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Businessweek Archives

A Brainy Agent That Sifts The Net For You

Bits & Bytes


IT SEEMS SO SMART: USE software to scour the far-flung corners of the Internet to search for data. Sadly, though, many of the early so-called intelligent-agent programs scored low on I.Q. tests. Now, Autonomy Inc., a British company recently transplanted to Palo Alto, Calif., says it has a smarter agent.

The technology, dubbed Agentware, allows consumers to search for information based on concepts rather than just key words. For instance, when you ask for material on the Pittsburgh Pirates, you'll just get baseball stuff, not everything about pirates and Pittsburgh. Plus, Autonomy's agents--which scan what you read to learn your interests--lurk on the Web and send out E-mail alerts when something relevant pops up. Autonomy, which already has British customers, is talking to prospects here. Deals are expected soon with Associated Press, Macmillan Publishing Co., and others willing to shell out $20,000 to $500,000, depending on the number of features.EDITED BY IRA SAGER Steve HammReturn to top


WANT TO GO ONLINE FROM the bathroom, the basement, or the backyard? Well, now there's a solution for Internet junkies whose personal computers happen to be nowhere near a phone jack. The Wireless Web Jack from Phonex Corp. in Midvale, Utah, will allow you to send data across the electrical wiring in your house. The setup is a snap: Simply plug a Web Jack base into a phone jack and a nearby outlet, then stick one or more remote jacks into outlets elsewhere in the house. When you connect your modem to the remote jack, its signal is converted so that the data can be carried at up to 33.6 Kbps over your AC wiring and out to the Net via the base unit.

The Wireless Web Jack--which costs $99 for a base and remote unit and $49 for additional remotes--is not just for the home: Schools and small businesses could find it a nifty way to get around the expense of installing phone jacks. The Wireless Web Jack will be available in retail stores in October.EDITED BY IRA SAGER Andy ReinhardtReturn to top


IMAGINE DILBERT BEFORE THE CYNICISM, BEFORE THE jadedness of corporate culture turned him into the sarcastic cartoon character that millions love. Dilbert, say around age of 10. That's what Dan Elenbaas, the founder and chairman of software startup KnowWonder Inc., did, and he persuaded creator Scott Adams to develop a new character--Young Dilbert--for a line of kids' software.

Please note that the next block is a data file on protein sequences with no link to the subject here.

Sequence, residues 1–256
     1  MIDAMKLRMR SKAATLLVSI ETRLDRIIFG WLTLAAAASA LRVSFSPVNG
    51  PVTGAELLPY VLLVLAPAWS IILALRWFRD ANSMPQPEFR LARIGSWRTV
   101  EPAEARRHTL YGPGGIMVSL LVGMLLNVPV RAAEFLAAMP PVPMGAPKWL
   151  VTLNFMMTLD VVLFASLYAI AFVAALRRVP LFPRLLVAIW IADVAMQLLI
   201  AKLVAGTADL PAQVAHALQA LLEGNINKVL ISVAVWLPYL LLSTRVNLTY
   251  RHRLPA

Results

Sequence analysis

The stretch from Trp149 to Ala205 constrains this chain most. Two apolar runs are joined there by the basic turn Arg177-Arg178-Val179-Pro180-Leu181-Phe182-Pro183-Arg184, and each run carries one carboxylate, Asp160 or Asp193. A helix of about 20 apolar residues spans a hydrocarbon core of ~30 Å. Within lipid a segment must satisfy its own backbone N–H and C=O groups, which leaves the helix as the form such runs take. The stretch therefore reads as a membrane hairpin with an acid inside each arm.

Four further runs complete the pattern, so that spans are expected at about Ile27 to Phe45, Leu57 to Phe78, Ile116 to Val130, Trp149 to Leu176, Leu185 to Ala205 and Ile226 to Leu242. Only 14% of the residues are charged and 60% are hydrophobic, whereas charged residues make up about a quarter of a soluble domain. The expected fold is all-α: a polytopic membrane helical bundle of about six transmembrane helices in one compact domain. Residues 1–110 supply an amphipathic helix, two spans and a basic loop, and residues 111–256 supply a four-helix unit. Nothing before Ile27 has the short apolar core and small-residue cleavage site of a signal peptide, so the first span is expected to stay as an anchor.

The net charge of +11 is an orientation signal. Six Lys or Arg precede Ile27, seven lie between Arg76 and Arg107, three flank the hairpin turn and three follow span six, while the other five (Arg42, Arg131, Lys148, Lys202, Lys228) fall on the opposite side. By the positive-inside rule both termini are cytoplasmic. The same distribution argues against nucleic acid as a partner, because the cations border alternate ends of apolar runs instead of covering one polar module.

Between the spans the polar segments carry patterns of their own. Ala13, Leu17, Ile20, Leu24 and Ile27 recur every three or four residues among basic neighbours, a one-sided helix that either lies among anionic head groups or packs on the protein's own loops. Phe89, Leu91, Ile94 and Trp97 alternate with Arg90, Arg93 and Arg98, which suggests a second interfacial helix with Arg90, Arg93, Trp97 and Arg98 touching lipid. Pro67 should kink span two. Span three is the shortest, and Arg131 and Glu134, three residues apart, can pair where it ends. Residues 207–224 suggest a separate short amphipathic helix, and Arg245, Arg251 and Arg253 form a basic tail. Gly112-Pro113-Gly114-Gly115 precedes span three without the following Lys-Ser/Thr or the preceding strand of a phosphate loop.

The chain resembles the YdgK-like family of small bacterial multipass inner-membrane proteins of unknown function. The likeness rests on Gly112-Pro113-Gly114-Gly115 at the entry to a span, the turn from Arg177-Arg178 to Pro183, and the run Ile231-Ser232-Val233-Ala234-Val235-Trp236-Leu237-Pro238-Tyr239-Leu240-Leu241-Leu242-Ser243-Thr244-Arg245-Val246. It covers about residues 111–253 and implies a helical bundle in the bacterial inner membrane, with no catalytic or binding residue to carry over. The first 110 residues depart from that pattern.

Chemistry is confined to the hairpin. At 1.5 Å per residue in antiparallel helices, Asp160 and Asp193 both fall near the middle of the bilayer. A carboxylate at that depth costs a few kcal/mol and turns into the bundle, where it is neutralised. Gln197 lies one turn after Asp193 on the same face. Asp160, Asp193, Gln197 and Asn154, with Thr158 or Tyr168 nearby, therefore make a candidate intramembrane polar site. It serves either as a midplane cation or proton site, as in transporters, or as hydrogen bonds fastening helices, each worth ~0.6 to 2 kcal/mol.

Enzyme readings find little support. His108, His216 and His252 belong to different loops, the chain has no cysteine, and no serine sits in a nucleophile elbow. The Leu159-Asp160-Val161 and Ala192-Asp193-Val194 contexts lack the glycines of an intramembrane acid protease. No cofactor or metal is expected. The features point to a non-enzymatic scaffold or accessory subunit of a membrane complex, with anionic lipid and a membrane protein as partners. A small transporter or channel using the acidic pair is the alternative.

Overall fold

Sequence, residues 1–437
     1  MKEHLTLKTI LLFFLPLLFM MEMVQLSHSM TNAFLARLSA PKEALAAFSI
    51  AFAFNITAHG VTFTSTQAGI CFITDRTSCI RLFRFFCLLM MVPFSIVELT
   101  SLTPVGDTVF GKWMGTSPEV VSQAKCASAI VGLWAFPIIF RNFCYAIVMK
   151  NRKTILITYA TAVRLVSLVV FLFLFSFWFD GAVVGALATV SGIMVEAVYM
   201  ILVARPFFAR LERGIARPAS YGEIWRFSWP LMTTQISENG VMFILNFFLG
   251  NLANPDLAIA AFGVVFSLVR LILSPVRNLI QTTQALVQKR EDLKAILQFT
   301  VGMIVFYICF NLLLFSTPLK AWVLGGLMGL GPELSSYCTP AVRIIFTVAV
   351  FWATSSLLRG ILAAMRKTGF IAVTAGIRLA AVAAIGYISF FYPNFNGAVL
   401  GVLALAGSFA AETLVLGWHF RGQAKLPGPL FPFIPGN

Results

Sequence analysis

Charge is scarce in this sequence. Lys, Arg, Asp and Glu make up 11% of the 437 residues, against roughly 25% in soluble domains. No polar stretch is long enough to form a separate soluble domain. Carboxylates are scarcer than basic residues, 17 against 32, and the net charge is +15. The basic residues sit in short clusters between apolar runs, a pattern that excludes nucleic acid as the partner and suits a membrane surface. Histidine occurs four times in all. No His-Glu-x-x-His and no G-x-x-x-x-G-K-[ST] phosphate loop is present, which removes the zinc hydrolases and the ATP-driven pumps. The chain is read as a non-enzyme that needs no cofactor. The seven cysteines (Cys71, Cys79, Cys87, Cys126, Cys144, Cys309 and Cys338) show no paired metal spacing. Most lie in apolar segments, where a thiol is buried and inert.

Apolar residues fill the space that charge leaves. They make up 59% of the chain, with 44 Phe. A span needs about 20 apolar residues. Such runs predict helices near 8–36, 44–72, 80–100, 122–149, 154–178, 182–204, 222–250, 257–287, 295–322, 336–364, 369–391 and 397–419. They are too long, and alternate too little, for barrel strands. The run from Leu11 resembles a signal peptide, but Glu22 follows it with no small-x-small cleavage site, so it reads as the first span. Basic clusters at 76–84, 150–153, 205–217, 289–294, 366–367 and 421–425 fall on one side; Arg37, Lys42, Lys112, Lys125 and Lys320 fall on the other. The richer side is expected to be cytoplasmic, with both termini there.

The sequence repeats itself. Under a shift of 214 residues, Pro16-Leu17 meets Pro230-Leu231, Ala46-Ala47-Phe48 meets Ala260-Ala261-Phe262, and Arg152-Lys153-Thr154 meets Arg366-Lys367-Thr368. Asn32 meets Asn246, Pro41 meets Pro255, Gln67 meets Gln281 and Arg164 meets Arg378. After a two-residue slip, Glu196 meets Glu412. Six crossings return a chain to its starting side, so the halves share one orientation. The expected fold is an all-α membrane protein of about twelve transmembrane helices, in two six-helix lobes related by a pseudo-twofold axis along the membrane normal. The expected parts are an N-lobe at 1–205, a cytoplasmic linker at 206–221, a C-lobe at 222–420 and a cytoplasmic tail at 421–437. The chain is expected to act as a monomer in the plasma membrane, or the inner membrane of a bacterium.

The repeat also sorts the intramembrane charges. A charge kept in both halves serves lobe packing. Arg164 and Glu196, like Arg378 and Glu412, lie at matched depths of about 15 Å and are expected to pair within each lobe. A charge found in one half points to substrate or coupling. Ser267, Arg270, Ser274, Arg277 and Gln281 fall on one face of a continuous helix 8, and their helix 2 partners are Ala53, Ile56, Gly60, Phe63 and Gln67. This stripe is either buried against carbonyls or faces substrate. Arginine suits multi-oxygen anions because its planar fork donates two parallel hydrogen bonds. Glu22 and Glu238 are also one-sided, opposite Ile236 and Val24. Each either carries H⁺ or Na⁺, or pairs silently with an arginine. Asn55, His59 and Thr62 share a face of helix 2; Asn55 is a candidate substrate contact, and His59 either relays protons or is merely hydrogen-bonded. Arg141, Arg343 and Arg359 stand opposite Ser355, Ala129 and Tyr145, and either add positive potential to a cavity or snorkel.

So what is little Dilbert into? He's a budding technophile, what else. KnowWonder has licensed the character for a family of programs called The Totally Techie World of Young Dilbert that will hit store shelves on Oct. 1. The first program will include Dilbert's familiar pals Dogbert, Ratbert, and Bob the Dinosaur. The edutainment program, designed for kids 5 and up, will teach them about the inner workings of a computer as well as other high-tech wonders such as the World Wide Web and online reference tools. In one game, Young Dilbert battles a computer virus. Kids learn about the parts of a computer as they help Young Dilbert fix components such as a disk drive infected by a bug. The programs will be priced at $34.95.EDITED BY IRA SAGERReturn to top


NETIZENS MAY BE RELUCTANT to buy sofas or TVs over the World Wide Web, but they have no problem snapping up securities. The number of accounts in which investors buy and sell securities on the Net will reach 3 million by the end of 1997, up from 1.5 million in 1996, according to Forrester Research Inc. That's only a sliver of the more than 60 million retail investment accounts in the U.S., but it adds up to around $120 billion in assets managed online. By 2002, online investing is expected to grow to 14.4 million accounts and $688 billion--about 4.6% of all retail investment assets.

That's surprising, considering that just a year ago most traditional brokerage firms thought the Net too immature a vehicle for investing, according to Forrester. What's more, half of the 50 firms surveyed say they are turning a profit or breaking even on their Net accounts, thanks to the efficiency of all-electronic operations. So far, Charles Schwab & Co. and E*Trade--which control some 40% of all online investment accounts--are the leaders. But those companies could be squeezed by new entrants, says Forrester, unless they strengthen online advisory services and expand the financial services they offer into such fields as auto loans and mortgages.EDITED BY IRA SAGER Paul C. JudgeReturn to top

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